Pharmacists eye a shared QOF
By Nigel Praities
Pharmacy leaders call for incentives as Connecting for Health backs their demands for access to the care record
GPs may have to share the QOF with pharmacists under plans submitted to the Department of Health in the wake of its pharmacy white paper.
Major pharmacist organisations, including the profession's negotiating body, are backing proposals in a School of Pharmacy report for shared incentive payments.
Pharmacists are also set to gain access to the electronic care record – another key recommendation – after Connecting for Health accepted the ‘case had been made'.
The School of Pharmacy report, submitted to Lord Darzi and the chief pharmacist, says pharmacists will be working closely with GPs to deliver clinical services and should be rewarded through a shared QOF.
‘There is an urgent need to develop new payment and information systems to facilitate better joint working between GPs and community pharmacists,' it concludes.
The report calls for pharmacists to be given responsibility for delivering vascular checks, access to the care record and an ‘enhanced' role in prescribing through medicines use reviews – which already cost the NHS £20m a year.
Co-author Professor David Taylor, professor of pharmaceutical and public health policy at the School of Pharmacy, insisted GPs had ‘nothing to fear': ‘If we hit our targets, shouldn't we collectively benefit? Limited competition is of value, and the NHS should not ignore it, but most of the focus will be on collaboration with GPs.'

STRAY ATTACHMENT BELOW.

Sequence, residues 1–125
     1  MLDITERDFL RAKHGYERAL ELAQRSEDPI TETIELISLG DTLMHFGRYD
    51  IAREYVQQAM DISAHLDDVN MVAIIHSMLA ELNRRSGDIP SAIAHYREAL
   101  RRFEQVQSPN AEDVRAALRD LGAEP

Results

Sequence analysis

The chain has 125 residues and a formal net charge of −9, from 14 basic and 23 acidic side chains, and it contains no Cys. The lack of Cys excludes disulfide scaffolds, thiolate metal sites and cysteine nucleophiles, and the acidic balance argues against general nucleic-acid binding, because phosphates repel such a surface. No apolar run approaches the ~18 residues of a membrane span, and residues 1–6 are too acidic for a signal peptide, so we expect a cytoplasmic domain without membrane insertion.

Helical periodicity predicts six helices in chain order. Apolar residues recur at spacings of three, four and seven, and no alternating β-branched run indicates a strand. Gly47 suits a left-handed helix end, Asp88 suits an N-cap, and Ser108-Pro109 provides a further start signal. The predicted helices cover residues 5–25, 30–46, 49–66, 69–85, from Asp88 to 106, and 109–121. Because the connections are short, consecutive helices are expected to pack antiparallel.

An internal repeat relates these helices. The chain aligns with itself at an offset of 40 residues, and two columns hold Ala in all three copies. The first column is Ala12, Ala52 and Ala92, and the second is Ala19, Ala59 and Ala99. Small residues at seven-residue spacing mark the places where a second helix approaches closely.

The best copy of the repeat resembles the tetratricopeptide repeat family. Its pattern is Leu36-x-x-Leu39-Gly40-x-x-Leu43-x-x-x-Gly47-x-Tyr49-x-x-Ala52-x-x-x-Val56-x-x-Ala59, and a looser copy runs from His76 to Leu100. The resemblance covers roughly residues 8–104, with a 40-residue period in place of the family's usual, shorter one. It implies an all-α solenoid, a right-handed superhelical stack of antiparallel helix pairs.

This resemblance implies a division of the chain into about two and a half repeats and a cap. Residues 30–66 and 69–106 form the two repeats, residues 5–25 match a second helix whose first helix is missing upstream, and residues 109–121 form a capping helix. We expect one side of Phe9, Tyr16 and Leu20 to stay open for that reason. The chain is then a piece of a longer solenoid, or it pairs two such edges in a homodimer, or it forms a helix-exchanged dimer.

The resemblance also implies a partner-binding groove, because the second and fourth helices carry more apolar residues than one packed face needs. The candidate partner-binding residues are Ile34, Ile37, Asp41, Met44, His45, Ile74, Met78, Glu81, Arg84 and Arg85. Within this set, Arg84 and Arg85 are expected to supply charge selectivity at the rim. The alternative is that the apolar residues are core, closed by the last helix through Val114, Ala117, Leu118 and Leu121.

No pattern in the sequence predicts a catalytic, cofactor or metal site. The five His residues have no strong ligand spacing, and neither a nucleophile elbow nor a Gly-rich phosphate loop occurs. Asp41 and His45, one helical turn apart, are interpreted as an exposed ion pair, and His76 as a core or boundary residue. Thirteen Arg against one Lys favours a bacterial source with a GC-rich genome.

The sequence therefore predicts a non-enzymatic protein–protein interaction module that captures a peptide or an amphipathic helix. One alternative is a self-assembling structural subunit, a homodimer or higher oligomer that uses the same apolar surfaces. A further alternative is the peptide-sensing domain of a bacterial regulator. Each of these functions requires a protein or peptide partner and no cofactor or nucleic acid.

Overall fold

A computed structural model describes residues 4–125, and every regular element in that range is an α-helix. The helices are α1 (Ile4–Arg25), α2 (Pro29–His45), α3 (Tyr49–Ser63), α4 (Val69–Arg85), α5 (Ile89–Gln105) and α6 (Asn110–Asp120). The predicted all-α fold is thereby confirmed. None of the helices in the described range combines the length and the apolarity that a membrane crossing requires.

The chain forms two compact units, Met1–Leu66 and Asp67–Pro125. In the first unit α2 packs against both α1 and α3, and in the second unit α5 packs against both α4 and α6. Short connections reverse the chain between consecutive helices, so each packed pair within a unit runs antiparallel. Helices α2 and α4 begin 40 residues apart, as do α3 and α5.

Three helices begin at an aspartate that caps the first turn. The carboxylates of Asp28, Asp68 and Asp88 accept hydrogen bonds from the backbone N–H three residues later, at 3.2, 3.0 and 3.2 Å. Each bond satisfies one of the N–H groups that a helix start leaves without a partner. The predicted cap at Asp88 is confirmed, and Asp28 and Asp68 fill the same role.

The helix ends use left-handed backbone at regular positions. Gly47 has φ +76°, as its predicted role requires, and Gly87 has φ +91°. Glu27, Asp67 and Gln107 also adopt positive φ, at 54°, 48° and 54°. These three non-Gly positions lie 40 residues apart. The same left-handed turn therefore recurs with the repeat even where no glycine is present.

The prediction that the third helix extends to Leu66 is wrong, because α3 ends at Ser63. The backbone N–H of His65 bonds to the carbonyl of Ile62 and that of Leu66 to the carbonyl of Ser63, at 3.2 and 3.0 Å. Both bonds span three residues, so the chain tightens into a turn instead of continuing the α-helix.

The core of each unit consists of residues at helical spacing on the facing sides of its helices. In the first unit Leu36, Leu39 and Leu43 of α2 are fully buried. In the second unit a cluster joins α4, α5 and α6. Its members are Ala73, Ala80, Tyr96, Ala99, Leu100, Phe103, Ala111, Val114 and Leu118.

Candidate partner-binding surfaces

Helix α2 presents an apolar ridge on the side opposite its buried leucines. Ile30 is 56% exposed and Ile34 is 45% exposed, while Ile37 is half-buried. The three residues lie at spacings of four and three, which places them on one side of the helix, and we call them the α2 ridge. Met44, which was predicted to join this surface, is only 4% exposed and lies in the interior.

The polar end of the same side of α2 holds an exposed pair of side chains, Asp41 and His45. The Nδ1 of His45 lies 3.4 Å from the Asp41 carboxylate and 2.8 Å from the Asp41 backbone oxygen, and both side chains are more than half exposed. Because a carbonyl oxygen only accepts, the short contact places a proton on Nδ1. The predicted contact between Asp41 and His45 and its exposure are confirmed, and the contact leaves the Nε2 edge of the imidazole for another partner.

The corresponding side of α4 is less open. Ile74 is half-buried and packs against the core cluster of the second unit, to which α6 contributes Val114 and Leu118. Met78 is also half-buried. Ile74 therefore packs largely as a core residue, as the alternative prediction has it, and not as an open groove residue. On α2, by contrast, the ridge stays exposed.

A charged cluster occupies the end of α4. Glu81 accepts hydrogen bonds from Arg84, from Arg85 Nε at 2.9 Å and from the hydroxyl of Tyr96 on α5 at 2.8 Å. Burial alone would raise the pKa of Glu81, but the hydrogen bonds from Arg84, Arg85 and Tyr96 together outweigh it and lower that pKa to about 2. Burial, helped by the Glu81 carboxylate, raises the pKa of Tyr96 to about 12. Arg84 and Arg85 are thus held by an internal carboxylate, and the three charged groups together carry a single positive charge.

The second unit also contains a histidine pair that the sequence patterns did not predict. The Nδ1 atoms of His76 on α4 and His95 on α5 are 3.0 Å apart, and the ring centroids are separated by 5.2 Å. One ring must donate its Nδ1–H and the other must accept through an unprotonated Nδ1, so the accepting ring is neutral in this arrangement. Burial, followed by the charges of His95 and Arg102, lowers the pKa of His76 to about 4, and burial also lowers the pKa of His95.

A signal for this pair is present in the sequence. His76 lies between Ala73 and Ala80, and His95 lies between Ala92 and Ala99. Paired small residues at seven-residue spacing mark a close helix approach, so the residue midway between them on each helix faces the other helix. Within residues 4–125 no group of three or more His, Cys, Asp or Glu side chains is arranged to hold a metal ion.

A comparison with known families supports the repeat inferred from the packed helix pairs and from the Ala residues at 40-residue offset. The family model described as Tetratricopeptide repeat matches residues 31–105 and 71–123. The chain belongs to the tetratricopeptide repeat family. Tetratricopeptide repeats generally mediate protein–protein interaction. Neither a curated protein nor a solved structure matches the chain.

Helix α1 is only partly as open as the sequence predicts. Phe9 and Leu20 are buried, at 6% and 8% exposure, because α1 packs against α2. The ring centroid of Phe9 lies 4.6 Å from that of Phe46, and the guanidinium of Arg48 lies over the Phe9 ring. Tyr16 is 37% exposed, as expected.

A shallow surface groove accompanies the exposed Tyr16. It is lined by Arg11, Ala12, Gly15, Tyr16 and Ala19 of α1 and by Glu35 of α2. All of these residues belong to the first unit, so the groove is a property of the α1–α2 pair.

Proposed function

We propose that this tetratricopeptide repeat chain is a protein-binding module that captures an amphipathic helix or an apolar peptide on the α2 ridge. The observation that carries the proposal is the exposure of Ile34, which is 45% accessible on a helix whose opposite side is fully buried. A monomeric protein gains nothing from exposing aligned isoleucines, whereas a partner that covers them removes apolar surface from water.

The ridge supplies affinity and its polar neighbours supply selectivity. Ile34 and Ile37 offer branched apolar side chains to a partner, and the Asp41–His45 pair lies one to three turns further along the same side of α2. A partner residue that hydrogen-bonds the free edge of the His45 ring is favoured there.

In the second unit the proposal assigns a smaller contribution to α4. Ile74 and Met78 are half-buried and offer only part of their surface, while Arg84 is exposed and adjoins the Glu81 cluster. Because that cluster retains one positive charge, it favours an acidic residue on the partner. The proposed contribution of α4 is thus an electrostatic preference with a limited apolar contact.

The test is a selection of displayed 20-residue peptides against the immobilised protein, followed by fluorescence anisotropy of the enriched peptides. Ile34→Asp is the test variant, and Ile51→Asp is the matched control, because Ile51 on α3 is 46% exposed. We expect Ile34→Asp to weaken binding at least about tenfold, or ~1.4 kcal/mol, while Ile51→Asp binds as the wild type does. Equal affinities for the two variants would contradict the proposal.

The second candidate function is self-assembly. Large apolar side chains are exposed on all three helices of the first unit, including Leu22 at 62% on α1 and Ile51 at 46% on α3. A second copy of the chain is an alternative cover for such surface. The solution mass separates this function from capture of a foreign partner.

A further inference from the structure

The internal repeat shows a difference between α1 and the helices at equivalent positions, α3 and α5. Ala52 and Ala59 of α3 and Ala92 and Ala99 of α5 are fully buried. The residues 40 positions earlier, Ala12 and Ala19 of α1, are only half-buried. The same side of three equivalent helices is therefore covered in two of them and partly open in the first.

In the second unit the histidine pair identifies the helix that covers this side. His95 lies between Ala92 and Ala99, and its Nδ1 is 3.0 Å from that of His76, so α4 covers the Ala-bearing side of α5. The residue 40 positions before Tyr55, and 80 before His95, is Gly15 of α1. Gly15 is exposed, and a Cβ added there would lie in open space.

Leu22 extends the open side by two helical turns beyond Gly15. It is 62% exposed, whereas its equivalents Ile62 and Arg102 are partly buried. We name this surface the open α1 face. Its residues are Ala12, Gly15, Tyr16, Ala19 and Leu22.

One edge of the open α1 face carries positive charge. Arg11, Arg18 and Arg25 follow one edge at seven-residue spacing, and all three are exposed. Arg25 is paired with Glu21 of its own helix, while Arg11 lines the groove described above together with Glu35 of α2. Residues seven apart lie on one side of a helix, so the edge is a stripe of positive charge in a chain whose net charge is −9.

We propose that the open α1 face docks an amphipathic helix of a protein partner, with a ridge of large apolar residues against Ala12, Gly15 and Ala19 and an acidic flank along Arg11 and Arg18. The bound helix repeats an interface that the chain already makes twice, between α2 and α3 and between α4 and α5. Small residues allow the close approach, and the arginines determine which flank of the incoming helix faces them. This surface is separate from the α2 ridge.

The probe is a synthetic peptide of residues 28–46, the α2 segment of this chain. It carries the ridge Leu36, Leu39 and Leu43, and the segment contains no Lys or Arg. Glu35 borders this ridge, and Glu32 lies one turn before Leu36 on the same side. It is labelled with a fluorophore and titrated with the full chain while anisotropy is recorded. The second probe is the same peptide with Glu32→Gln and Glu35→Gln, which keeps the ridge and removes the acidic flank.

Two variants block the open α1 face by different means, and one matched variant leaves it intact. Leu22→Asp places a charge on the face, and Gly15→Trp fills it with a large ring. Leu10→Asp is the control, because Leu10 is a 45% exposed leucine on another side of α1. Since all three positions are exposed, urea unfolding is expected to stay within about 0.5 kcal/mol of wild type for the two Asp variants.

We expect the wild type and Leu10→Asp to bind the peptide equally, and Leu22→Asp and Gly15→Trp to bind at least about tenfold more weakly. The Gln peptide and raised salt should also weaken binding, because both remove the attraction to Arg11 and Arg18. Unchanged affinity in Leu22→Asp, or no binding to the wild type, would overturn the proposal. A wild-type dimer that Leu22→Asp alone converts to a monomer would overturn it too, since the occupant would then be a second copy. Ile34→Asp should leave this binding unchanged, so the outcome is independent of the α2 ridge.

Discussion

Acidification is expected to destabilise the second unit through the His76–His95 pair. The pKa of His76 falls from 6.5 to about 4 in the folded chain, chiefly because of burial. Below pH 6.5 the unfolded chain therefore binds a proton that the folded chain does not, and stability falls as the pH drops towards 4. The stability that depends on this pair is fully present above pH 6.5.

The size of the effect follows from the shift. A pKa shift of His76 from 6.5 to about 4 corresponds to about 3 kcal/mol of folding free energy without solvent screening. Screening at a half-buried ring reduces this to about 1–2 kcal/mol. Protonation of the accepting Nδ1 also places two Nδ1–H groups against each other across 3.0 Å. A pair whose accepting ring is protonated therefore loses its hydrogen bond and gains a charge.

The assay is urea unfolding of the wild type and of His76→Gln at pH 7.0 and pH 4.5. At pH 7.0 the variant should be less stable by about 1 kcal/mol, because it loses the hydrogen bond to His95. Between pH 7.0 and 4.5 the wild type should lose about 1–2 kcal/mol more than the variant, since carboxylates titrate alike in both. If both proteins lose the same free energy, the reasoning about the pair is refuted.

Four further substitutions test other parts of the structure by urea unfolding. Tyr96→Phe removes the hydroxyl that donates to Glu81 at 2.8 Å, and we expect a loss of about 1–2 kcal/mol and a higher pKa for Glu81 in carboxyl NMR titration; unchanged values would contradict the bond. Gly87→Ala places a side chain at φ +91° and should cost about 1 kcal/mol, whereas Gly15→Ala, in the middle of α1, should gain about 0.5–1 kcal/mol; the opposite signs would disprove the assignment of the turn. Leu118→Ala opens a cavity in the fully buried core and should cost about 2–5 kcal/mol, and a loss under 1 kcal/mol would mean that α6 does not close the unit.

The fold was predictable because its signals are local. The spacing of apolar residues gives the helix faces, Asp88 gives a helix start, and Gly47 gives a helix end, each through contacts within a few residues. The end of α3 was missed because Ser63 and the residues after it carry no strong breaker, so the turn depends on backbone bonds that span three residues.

The Department of Health said it was looking at introducing indicators to ‘demonstrate the quality and outcomes of pharmacy services', but had no plans to share existing GP remuneration with pharmacists.
Mr David Pruce, director of practice and quality improvement at the Royal Pharmaceutical Society, said it saw the proposals as a framework for increasing pharmacy involvement in primary care: ‘The QOF has been enormously beneficial for general practice, so why not have some sort of QOF or a shared QOF that pharmacy can contribute to as long as it is not seen as taking money from GPs?'
The National Pharmacy Association is also supporting the idea of a shared QOF.
And Sue Sharpe, chief executive of the Pharmaceutical Services Negotiating Committee, said it was ‘keen to consider' financial incentives to encourage collaboration. ‘We recognise incentives for GPs and pharmacies must be aligned to remove barriers to changes and allow pharmacy to deliver a range of services,' she said.
But Dr Bill Beeby, chair of the GPC clinical and prescribing subcommittee, said the plans could be a ‘disaster' for patients who may ‘fall through the gap'.
‘These plans are crazy. I just don't see how pharmacists can buy a slice of the QOF without making it very cumbersome and risking safety,' he said.
Pharmacy organisations also said they would push hard for access to the Summary Care Record. A Connecting for Health spokesperson confirmed ‘the case had been fully made' and that it would be consulting on the issue.